GRITS gives girls skills to thrive, sisterhood
Self-esteem, financial literacy, etiquette, leadership, entrepreneurship, and educational/career development are among the skills girls learn in Girls Rocking in the South, or GRITS, a local group that gives girls the support they need to thrive.
Since 2012, GRITS has provided empowerment programs for girls ages 12-18. The girls gain self-esteem, learn about opportunities available to them, develop a vision for their future, and build the perseverance to make that vision a reality.
“GRITS is not a social organization,” says SUPRENA HICKMAN (pictured below), GRITS founder and executive director. “We work. We take the girls through different programs such as financial stability and having a healthy body and mindset, and we expose the girls to different things such as college preparedness.”
Personalized mentoring and bi-monthly meetings form the backbone of GRITS’ programs. Hickman pairs each girl with a mentor who teaches and guides her in the area she wants to pursue.
“I’m intentional about discovering what the girls want and what matters to them,” Hickman says. “I want them to own it and stay in the program. That way they don’t get bored and get on the streets.”
At the meetings, the girls learn skills they need to become successful adults while providing a positive environment.
GRITS also provides experiences such as campus tours (done virtually last year), dining in restaurants, and visits to other cities.
“I want to expose them to different things,” says Hickman. “They get excited and nervous when faced with these opportunities.”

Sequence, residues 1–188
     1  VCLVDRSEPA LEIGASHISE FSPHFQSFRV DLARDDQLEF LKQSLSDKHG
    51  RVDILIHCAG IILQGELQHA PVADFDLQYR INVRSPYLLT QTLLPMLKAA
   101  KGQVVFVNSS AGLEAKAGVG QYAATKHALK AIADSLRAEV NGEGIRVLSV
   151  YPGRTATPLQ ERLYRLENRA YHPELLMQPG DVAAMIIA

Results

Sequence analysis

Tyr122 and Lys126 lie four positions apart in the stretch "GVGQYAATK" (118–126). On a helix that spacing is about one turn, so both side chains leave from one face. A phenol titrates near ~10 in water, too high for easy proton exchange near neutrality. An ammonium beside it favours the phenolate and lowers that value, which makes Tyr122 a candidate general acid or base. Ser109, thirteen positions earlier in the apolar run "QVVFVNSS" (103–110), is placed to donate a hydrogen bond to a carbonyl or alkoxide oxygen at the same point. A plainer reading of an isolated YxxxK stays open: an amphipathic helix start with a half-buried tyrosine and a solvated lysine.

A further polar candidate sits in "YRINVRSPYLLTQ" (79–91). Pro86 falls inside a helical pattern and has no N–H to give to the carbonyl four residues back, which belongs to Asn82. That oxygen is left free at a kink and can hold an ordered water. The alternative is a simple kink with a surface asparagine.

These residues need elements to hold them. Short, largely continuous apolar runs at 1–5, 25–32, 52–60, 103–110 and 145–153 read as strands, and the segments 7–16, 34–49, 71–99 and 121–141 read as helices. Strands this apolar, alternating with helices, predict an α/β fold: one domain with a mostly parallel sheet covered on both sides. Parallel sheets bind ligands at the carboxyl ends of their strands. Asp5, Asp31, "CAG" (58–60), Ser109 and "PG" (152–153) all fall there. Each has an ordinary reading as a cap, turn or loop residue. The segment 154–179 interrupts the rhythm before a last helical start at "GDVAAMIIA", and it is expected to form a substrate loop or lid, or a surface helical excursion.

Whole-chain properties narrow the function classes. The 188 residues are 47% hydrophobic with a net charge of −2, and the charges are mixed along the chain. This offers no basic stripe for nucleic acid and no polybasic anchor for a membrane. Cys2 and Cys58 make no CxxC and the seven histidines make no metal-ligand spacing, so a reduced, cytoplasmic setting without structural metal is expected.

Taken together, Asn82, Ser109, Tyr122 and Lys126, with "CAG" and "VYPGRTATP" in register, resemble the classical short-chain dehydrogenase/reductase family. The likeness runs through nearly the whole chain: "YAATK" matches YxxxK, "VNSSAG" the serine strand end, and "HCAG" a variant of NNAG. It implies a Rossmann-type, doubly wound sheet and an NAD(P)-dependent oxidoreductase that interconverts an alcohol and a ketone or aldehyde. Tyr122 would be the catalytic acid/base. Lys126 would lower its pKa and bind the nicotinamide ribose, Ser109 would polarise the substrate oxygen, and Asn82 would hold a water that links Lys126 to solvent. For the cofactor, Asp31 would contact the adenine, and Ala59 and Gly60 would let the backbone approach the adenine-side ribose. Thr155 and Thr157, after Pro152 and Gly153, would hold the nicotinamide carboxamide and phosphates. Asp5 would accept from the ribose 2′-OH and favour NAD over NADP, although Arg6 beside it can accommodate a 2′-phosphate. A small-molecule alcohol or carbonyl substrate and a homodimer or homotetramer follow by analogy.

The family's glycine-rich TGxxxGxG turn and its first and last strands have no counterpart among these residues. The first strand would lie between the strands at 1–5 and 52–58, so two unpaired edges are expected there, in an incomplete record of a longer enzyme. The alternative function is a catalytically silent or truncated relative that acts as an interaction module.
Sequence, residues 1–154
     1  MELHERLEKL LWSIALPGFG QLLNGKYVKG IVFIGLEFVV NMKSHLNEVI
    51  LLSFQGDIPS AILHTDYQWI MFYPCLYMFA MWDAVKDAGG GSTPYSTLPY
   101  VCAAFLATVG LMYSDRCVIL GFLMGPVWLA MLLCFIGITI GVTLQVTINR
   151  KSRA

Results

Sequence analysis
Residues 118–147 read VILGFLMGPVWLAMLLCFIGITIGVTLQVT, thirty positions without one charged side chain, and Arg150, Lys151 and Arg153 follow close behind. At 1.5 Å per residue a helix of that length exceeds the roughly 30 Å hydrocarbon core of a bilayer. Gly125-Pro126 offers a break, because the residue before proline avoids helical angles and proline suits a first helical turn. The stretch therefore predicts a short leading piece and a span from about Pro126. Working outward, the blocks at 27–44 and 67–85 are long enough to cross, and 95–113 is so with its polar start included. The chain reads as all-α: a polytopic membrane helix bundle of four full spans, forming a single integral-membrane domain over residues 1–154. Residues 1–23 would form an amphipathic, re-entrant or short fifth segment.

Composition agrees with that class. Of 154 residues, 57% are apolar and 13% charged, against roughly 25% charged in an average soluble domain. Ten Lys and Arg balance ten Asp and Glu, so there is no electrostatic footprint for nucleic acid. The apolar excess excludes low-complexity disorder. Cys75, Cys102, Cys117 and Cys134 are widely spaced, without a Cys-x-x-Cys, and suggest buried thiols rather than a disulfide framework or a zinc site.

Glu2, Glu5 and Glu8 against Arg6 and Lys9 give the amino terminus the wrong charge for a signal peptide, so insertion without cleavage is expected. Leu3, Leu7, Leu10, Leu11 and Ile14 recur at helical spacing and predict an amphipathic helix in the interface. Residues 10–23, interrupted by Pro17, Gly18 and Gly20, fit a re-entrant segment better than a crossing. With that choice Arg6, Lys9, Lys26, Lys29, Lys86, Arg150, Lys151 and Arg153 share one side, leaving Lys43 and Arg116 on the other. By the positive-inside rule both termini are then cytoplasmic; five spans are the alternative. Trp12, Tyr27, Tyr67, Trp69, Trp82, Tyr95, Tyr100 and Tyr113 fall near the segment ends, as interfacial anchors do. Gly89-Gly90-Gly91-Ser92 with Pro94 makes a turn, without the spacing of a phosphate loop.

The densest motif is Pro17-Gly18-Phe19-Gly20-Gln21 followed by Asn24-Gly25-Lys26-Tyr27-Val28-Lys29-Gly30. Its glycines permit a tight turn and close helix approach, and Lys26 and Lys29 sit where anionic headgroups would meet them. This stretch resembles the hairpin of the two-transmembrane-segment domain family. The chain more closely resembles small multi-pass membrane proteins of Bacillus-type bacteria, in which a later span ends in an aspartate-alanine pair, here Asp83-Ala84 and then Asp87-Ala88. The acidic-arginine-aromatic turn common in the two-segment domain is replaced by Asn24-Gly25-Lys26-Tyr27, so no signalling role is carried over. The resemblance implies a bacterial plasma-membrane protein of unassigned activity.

In addition, GRITS gives its girls a number of inspirational experiences. For example, the organization’s She Rocks Empowerment and Business Expo is a free annual conference attended by more than 100 teenage girls. All the sessions are led by teen and adult female speakers and all the conference’s vendors are female teenpreneurs.
“We want the girls to see that they could be a speaker,” says Hickman. “We want them to realize they don’t have to wait to be grown up to start building their career or to take on adult roles.”
GRITS’ monthly podcast, She Rocks Teen Radio, is a conference spinoff. The radio show, which was created by and is run by the girls, gives them valuable experience as well as a platform on which they can speak freely on topics that are relevant to them. They also tackle real-world issues like how teenage girls are affected by riots, Black Lives Matter, and COVID.
Another project, the GRITS Subscription Boxes, provides a way for the girls to monetize their skills and talents. The boxes include merchandise the girls select as well as items they make, such as jewelry, candles, and makeup. The proceeds from the box sales go to GRITS, which then pays the girls for their products.
Soon the girls will also teach classes at the Cameron Art Museum, which will help them develop confidence and public speaking skills.
In the future, Hickman hopes to expand GRITS by bringing on more mentors and giving the girls more travel opportunities. She’s also always on the lookout for new ways to enhance the girls’ experiences and prepare them for a vital future.
“The more issues I see with the girls the better,” she says. “Whenever I see something that excites or irritates me, that’s a project to help them.”
To view more of photographer Michael Cline Spencer’s work, go to michaelclinephoto.com.
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